Understanding Schedule ASchedule A

Schedule A is an attachment to Form 1040 for reporting income. It allows you to claim deductions to lower your tax liability. In this article, we will go over how Schedule A works and what you can deduct with it.

The Basics

Schedule A is an optional tax form. There are two types of deductions you can take-standard and itemized. The standard deduction is a set amount the IRS allows you to take each year to reduce your taxable income. In 2018 that amount is $12,000 for single filers or $24,000 for married filers. On the other hand, an itemized deduction is a customized amount you can choose to take. As a result, it is only advantageous to take the itemized deduction if your qualified expenses are over the standard deduction amount. There are five categories of deductions. These include:

  • Medical and Dental Expenses
  • Taxes
  • Interest
  • Charitable Donations
  • Casualty and Theft Losses

Medical and Dental Deductions

For the 2018 tax year, you can deduct qualifying medical expenses that exceed 10% of your Adjusted Gross Income. Qualifying expenses include preventive care services, surgery, dental care, vision care, mental health care, prescription medication, and appliances (i.e. glasses, contacts, dentures, and hearing aids). Additionally, you can deduct medical travel expenses. This includes mileage on your vehicle, bus fare, and parking fees.

You cannot deduct any medical expenses for which you receive reimbursement through your insurer or employer. You also cannot deduct costs related to cosmetic procedures, non-prescription drugs, and general health items like toothpaste or vitamins.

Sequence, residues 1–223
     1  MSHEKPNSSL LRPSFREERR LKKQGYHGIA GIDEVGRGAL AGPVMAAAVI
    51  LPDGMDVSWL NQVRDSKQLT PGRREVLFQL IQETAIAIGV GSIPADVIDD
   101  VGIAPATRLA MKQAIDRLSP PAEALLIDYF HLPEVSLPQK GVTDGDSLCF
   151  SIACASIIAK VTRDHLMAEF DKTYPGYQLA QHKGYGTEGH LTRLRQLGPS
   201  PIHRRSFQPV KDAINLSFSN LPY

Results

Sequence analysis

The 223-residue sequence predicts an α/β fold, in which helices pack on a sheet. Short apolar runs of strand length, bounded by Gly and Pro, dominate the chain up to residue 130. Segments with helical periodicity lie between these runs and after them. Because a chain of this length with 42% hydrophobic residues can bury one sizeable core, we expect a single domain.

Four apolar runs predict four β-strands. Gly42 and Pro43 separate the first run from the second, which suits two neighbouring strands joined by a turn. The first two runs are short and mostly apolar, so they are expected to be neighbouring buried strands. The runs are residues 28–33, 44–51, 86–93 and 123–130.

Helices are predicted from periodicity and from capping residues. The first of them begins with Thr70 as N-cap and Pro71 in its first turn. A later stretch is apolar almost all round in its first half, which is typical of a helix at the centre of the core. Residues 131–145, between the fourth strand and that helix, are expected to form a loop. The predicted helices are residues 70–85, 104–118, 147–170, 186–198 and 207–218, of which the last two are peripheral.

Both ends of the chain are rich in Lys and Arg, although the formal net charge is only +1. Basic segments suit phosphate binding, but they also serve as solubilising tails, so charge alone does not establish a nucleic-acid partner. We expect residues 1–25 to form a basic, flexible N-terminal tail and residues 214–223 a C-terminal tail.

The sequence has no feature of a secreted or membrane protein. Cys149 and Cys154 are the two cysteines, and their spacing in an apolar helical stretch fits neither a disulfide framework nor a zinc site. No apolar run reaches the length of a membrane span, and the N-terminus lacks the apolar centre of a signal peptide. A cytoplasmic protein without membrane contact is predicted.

Tax Deductions

You can use Schedule A to deduct certain taxes from your AGI. The taxes you can deduct are your state and local income taxes, real property taxes, and personal property taxes. In 2018 you are limited to a $10,000 deduction claim for this area. It is only $5,000 if you are married filing separately.

Interest Paid

It is possible to deduct several types of interest you have paid from your taxable income. Qualifying types of interest include mortgage interest, student loan interest, and interest on some business loans. However, you cannot deduct interest paid on personal credit cards, car loans, or other personal loans. The rules for what you can deduct vary greatly on what type of interest you are claiming.

Charitable Donations

For a charitable donation to qualify as a Schedule A deduction it must be made to an organization that is qualified by the IRS. If you gift cash, you deduct the total amount of cash donated to charities. If donate property to a charity, typically, you are able to deduct the fair market value of the property. Please note, you are limited on how much of your donations you can deduct. You are limited to deducting 50% of your adjusted gross income. For some donations, the amount is capped at 30% of your adjusted gross income.

Casualty and Theft Losses

Under new tax laws, it is only possible to deduct casualty and theft losses if they were due to a disaster that was federally declared by the President. If this is the case, you can deduct losses related to your home, household items, and automobiles.

Utilizing Schedule A

With the new tax laws, fewer people find utilizing Schedule A to be beneficial. If you are unsure if this will be helpful to you meet with your tax preparer. They can analyze your situation and let you know what choice will be the most advantageous for your situation.

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